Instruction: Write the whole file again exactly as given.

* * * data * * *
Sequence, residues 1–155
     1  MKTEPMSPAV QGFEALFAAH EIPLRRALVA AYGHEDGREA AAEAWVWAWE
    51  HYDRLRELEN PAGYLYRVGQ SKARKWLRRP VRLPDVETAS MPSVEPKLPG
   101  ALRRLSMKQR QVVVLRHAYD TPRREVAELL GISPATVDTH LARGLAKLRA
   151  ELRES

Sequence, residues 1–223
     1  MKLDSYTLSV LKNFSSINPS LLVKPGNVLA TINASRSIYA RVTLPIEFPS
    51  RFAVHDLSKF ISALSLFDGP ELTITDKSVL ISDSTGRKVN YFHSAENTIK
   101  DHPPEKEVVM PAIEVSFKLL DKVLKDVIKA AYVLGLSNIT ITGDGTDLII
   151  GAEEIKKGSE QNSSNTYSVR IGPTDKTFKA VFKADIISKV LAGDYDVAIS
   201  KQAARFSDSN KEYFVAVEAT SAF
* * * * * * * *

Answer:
Sequence, residues 1–155
     1  MKTEPMSPAV QGFEALFAAH EIPLRRALVA AYGHEDGREA AAEAWVWAWE
    51  HYDRLRELEN PAGYLYRVGQ SKARKWLRRP VRLPDVETAS MPSVEPKLPG
   101  ALRRLSMKQR QVVVLRHAYD TPRREVAELL GISPATVDTH LARGLAKLRA
   151  ELRES

Sequence, residues 1–223
     1  MKLDSYTLSV LKNFSSINPS LLVKPGNVLA TINASRSIYA RVTLPIEFPS
    51  RFAVHDLSKF ISALSLFDGP ELTITDKSVL ISDSTGRKVN YFHSAENTIK
   101  DHPPEKEVVM PAIEVSFKLL DKVLKDVIKA AYVLGLSNIT ITGDGTDLII
   151  GAEEIKKGSE QNSSNTYSVR IGPTDKTFKA VFKADIISKV LAGDYDVAIS
   201  KQAARFSDSN KEYFVAVEAT SAF